Endovascular clot retrieval (ECR)

Last revised by Rohit Sharma on 15 May 2024

Endovascular clot retrieval (ECR), also known as mechanical thrombectomy (MT) or endovascular thrombectomy (EVT), is increasingly performed in patients presenting with large vessel occlusion (LVO), especially those with a large ischemic penumbra that is likely to progress to ischemic stroke. To be successful, careful patient selection and dedicated training and equipment are necessary. 

ECR and its efficacy in ischemic stroke have been explored since 2005, initial trials revealed disappointing results. This was attributed to an inability to confirm large vessel occlusions radiologically combined with insufficiently developed devices and treatment delays 18. In 2015, multiple randomized controlled trials were published showing improved clinical outcomes in patients with acute ischemic stroke due to large vessel occlusion undergoing ECR compared to medical (conservative) treatment alone 3-5. As a result of these trials, ECR has now become the standard of care for large vessel occlusion strokes involving the anterior circulation.

  • acute ischemic stroke due to large vessel occlusion in the anterior circulation

    • robust evidence to support use within 6 hours of symptom onset 24

    • growing evidence to support use beyond 6 hours 6,13, including up to 24 hours and in patients with large ischemic core volumes 20,21,28

  • acute ischemic stroke due to large vessel occlusion in the posterior circulation remains an area of uncertainty and selection (c.2024) is dependent on clinician judgment in accordance with local guidelines, although there are several positive randomized clinical trials supporting its use 22,23

  • acute ischemic stroke due to medium vessel occlusion (MeVO) in either the anterior or posterior circulation does not have robust randomized control data (c. 2024) and thus no consensus recommendation can be made regarding endovascular clot retrieval in this setting 25

  • intracranial hemorrhage on initial non-contrast CT

  • large infarct core with no significant penumbra (i.e. no salvageable brain)

    • note that large infarct cores by themselves may not be a contraindication, with two randomized clinical trials utilizing core volumes of >50 mL 20,21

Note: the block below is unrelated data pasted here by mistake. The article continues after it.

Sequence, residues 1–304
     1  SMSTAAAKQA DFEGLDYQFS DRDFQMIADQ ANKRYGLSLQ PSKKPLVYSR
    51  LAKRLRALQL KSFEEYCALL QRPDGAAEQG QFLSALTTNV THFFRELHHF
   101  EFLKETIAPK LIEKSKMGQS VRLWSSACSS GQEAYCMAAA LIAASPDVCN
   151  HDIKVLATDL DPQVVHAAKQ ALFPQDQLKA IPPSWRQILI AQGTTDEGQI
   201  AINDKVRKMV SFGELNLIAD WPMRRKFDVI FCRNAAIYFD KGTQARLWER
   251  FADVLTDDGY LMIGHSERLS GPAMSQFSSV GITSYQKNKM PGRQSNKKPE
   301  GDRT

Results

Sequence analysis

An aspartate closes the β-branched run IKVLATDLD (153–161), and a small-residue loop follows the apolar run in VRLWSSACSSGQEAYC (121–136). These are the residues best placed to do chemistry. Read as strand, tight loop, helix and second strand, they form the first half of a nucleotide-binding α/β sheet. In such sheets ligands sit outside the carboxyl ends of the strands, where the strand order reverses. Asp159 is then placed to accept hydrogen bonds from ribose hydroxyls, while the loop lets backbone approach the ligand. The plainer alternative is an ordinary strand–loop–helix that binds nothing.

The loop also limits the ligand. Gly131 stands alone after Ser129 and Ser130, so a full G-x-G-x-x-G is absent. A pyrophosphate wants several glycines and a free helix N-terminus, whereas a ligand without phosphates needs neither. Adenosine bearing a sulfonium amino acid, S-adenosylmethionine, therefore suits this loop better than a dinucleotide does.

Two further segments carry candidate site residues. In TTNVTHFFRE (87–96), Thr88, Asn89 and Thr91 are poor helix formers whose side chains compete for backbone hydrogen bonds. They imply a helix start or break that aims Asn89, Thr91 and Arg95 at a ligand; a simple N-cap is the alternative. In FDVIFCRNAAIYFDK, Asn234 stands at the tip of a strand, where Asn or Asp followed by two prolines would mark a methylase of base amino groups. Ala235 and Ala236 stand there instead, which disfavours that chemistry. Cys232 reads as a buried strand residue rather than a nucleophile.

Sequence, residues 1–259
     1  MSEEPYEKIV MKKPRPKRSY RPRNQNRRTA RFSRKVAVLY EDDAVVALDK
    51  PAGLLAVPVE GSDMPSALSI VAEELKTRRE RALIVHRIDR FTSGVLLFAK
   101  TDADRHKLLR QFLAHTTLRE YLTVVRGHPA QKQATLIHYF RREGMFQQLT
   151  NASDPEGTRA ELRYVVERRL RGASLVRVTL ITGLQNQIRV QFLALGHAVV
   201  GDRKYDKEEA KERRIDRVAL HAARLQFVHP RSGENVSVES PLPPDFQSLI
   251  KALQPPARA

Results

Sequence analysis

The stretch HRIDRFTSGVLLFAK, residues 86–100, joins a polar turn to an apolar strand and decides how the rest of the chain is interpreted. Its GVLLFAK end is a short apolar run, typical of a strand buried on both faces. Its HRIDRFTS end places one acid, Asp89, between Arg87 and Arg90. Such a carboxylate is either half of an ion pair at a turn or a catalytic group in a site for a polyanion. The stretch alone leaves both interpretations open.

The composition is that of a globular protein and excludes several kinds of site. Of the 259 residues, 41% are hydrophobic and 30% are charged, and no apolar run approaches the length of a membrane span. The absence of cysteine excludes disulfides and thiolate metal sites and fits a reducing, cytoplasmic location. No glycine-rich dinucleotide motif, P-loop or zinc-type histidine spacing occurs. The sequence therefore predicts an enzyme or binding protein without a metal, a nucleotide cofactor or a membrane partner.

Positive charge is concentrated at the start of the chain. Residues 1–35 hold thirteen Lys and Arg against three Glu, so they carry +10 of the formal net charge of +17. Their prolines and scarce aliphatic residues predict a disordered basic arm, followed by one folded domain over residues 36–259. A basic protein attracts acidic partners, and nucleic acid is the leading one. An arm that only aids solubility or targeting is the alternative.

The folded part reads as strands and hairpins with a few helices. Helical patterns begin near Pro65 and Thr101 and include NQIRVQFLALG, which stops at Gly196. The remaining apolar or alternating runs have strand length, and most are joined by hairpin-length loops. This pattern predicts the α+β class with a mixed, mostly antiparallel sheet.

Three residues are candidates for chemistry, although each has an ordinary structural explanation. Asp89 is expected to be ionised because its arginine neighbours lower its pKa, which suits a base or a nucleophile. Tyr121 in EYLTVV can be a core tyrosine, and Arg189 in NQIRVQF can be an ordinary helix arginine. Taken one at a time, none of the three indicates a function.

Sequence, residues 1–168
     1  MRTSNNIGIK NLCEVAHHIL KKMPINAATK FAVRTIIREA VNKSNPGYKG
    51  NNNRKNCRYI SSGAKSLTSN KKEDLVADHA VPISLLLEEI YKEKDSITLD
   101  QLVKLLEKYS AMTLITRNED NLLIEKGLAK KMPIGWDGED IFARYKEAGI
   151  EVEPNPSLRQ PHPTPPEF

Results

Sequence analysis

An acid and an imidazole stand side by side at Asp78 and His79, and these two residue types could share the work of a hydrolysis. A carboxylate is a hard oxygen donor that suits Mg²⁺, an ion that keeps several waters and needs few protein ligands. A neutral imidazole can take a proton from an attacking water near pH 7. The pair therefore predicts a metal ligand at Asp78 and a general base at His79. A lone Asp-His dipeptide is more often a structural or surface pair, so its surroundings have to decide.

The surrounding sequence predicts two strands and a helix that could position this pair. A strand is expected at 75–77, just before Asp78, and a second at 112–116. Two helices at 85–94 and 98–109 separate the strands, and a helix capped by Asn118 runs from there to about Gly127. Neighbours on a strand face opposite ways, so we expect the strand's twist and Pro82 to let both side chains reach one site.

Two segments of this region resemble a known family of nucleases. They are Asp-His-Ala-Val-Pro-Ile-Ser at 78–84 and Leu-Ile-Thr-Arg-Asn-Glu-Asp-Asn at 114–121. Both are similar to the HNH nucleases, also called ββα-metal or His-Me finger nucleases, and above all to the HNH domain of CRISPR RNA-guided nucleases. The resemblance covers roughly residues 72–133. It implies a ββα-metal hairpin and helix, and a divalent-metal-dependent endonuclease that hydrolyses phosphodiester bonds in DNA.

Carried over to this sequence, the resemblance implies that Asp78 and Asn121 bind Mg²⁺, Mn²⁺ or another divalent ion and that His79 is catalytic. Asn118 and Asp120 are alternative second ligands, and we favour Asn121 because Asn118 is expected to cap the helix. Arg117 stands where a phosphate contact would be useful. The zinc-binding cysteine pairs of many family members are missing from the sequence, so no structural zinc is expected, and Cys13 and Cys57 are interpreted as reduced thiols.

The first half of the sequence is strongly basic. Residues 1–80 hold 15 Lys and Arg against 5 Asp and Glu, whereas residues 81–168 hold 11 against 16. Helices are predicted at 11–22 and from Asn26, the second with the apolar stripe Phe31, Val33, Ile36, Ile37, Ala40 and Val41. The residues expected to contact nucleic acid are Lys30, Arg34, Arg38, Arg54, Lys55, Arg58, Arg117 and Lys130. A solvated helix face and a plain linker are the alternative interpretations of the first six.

• various patient factors (e.g. premorbid functional status, advanced directives, etc.)

Non-contrast enhanced CT is used to exclude hemorrhage and CT angiography to determine large vessel occlusion. Alternatively, MRI and DSA may also demonstrate the occlusion although the former is less commonly utilized for this due to difficulty with timely access to MRI in most institutions. CT perfusion is also important to determine the infarct core and penumbra size, especially in cases performed beyond 6 hours 6,13,20,21.

Angiographic imaging can also:

  • stent retrievers

  • aspiration devices

  • balloon guiding catheter

  • microcatheters

Although successful technical clot retrieval is essential, appropriate postprocedure care is also critical to avoid complications. 

Avoiding excessively high blood pressure is important in reducing the risk of secondary hemorrhage. In the acute post-ECR/thrombolysis period a target BP <185/110 mmHg is recommended 14, however, intensive blood pressure lowering (e.g. to <140 mmHg systolic) may be harmful 27.

If critical carotid stenosis (i.e. tandem lesion) has been treated then more aggressive blood pressure control may be warranted to avoid the possibility of cerebral hyperperfusion as well as hemorrhage 16. There are, however, few universally agreed-upon guidelines and chosen targets will vary according to pre-procedure blood pressure, anticoagulation, pre-ECR thrombolysis, size of the expected infarct and a variety of other factors. 

Groin site neurovascular observations and bed rest are required as usual. There is an increased move towards radial artery access for lower complication rates 17

In a variety of settings, anticoagulation may need to be restarted shortly after clot retrieval (e.g. antiplatelet agents for stenting, anticoagulation for atrial fibrillation). The timing of this is on a case by case balance and involves balancing the risk of thromboembolic complications from delaying anticoagulation versus the increased risk of a cerebral hemorrhage.

The overall complication rate is about 15% 1. Complications include 2,9:

The technical outcome is graded using the mTICI score. ECR is a highly effective treatment for ischemic strokes affecting the anterior circulation, with a number needed to treat (NTT) of 2.6 for an improved functional outcome. In a meta-analysis of anterior circulation ECR performed within 6 hours, 46% of patients treated with ECR achieved functional independence (modified Rankin scale (mRS) 0–2 at 90 days) compared to 27% for best medical treatment 2. Outcomes of ECR in posterior circulation strokes are mixed, with trials demonstrating both positive and negative functional outcomes compared to best medical therapy 19,22,23.

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